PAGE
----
Michael Williams Fur Tree 2007 oil on canvas 58" x 76"

Melissa Brown Untitled 2007 silk screen on aluminum 48" x 96"

Once again Canada manages to put on a show which local art fans will miss at their own peril, or at least at the risk of losing out on some good serious fun. Dan Nadel curated the gallery's "New Mutants", a show of work by Melissa Brown, Brian Chippendale, Julie Doucet, C.F., Trenton Doyle Hancock, Ben Jones, Amy Lockhart, Sakura Maku, Frank Santoro, Patrick Smith and Michael Williams. Yes, that Michael Williams.

missing person flier in the gallery window

Jacques Louis Vidal's appearance at Sunday is more than a show; it's a way of art, a two-way street for both the artist and the viewer. At the opening reception of "Wood Folks is Good Folks" the artist enlisted himself and some half dozen volunteers in a performance which literally wound through (and into) the entire gallery installation. He's promised one more performance for this Saturday, July 7, a workshop called "making friends + keeping friends". It should start soon after the mesquite cookout, which is on the schedule from 1 to 4. I definitely recommend a visit to Eldridge Street that day.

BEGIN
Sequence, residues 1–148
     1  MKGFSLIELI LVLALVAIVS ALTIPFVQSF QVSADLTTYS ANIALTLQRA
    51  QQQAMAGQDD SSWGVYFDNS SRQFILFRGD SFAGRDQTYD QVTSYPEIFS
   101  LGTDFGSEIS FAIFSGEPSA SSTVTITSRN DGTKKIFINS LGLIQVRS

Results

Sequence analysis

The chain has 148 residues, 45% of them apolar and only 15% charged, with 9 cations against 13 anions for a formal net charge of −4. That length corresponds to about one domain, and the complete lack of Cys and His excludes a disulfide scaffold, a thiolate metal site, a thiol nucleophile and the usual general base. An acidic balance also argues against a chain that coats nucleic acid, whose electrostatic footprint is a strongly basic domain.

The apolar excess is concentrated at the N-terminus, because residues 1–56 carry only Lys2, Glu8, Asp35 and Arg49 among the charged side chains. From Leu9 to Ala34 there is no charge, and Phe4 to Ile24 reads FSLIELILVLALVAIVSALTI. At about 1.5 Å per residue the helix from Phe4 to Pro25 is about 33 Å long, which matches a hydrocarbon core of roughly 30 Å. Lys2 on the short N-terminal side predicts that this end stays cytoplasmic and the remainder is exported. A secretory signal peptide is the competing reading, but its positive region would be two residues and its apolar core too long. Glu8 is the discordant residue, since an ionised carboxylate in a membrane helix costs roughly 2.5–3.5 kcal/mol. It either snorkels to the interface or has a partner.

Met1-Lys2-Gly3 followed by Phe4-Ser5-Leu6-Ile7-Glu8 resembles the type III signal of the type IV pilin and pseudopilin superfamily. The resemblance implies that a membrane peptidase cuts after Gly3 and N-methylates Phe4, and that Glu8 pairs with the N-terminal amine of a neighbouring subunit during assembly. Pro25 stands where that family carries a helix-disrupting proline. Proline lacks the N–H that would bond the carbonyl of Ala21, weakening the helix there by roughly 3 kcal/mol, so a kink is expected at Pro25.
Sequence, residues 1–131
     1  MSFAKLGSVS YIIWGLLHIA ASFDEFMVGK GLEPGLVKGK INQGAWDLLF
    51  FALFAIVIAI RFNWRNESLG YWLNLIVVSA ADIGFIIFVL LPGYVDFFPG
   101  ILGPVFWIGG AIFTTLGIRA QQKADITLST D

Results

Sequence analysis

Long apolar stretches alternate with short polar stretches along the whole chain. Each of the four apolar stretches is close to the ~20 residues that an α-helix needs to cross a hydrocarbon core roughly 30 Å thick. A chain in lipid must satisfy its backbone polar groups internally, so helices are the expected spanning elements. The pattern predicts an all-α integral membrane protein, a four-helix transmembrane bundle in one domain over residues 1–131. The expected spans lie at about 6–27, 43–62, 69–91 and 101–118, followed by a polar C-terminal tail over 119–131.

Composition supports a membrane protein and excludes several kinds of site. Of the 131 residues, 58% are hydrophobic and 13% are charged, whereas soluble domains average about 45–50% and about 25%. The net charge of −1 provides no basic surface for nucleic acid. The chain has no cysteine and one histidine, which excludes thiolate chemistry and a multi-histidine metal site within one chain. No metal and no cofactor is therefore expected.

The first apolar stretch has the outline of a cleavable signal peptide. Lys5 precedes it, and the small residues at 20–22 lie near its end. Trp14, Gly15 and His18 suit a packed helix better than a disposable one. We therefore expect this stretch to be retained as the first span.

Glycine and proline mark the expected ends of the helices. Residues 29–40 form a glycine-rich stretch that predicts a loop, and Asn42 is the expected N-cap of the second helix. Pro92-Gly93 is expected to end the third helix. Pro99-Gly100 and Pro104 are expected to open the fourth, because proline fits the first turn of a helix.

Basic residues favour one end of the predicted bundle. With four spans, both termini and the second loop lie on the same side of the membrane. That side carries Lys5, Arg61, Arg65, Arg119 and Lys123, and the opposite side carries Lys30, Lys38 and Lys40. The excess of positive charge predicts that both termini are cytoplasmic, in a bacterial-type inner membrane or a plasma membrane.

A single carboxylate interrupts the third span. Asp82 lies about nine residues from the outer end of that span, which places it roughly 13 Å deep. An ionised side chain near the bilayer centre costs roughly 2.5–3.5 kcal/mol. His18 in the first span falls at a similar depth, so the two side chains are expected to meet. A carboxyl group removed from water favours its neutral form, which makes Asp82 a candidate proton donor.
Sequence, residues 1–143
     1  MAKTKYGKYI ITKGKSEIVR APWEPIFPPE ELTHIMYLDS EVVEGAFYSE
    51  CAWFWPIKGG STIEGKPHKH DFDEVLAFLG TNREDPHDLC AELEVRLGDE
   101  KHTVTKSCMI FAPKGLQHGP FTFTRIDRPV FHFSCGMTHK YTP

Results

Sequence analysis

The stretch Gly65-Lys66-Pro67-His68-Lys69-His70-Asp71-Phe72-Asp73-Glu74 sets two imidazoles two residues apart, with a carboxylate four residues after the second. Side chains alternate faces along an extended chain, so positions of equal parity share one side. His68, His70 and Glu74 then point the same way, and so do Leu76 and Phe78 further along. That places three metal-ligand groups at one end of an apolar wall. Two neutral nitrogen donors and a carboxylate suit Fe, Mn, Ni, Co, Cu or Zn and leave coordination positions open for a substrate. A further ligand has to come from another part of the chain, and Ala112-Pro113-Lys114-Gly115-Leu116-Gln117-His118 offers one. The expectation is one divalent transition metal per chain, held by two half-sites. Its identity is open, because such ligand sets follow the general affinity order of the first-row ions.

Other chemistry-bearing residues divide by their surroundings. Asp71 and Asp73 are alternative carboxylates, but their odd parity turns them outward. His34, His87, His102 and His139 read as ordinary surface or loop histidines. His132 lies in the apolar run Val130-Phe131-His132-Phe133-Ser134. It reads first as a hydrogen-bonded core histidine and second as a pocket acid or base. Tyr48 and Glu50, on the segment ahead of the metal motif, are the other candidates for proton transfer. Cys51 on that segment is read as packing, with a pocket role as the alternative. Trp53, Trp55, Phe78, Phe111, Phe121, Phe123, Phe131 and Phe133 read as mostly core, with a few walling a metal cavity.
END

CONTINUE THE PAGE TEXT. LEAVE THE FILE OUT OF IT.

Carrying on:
Vidal's performances and sculptures evoke traditional folk-tale forms and, well, a lot of slacker high school shop, but his subject appears to be a contemporary and grown-up concern with the absurdity of a world created by the rude political, commercial and religious heirs to that more humble and more muted America and its naive how-to culture. Whether inhabited by his own body in performance or seemingly discarded in a gallery, the stuff Vidal creates incorporates toys and monsters, natural relics and human monuments, terrors and amusements, prayers and ad copy, paper and scissors, shiny foil and dull tape, string and wood (always lots of wood). The sculptures, like his (literally) fantastic drawings, display a (misleading) childlike simplicity, and his performances have a charming earnestness almost always leading to some form of embarrassment for the actor himself.

But all this cool "stuff" is only the beginning; what lingers is a very post-post-modern questioning - and the generous spirit of the artist.

I almost forgot. We've been excited about his work since first seeing it in March of 2006 and Vidal was an extremely important part of our curated show last fall.

The images on this post were all captured during the opening on June 22. The series below begins with the artist's performance, moves on to the Houston Astrodome sculpture and Vidal handling the two-headed, tiny-footed wooden man. The last photo is a detail of a wall collage representing the home being prepared for all the good, wooden folks.

Barry has a post with another image from the opening, a link to his flickr set and a 45-second video clip of the performance.

artist inhabiting his work













This page is an archive of entries in the Culture category from July 2007.